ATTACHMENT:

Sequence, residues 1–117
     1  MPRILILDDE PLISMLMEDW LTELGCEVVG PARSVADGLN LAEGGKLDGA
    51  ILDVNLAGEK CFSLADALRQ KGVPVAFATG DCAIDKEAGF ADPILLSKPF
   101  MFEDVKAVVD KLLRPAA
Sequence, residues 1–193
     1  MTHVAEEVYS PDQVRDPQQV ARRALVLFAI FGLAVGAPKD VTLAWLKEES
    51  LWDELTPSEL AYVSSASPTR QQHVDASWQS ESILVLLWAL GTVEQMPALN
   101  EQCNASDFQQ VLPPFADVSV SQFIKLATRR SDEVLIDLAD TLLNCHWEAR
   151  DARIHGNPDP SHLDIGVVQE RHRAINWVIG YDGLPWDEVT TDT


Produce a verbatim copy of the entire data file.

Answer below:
Sequence, residues 1–117
     1  MPRILILDDE PLISMLMEDW LTELGCEVVG PARSVADGLN LAEGGKLDGA
    51  ILDVNLAGEK CFSLADALRQ KGVPVAFATG DCAIDKEAGF ADPILLSKPF
   101  MFEDVKAVVD KLLRPAA
Sequence, residues 1–193
     1  MTHVAEEVYS PDQVRDPQQV ARRALVLFAI FGLAVGAPKD VTLAWLKEES
    51  LWDELTPSEL AYVSSASPTR QQHVDASWQS ESILVLLWAL GTVEQMPALN
   101  EQCNASDFQQ VLPPFADVSV SQFIKLATRR SDEVLIDLAD TLLNCHWEAR
   151  DARIHGNPDP SHLDIGVVQE RHRAINWVIG YDGLPWDEVT TDT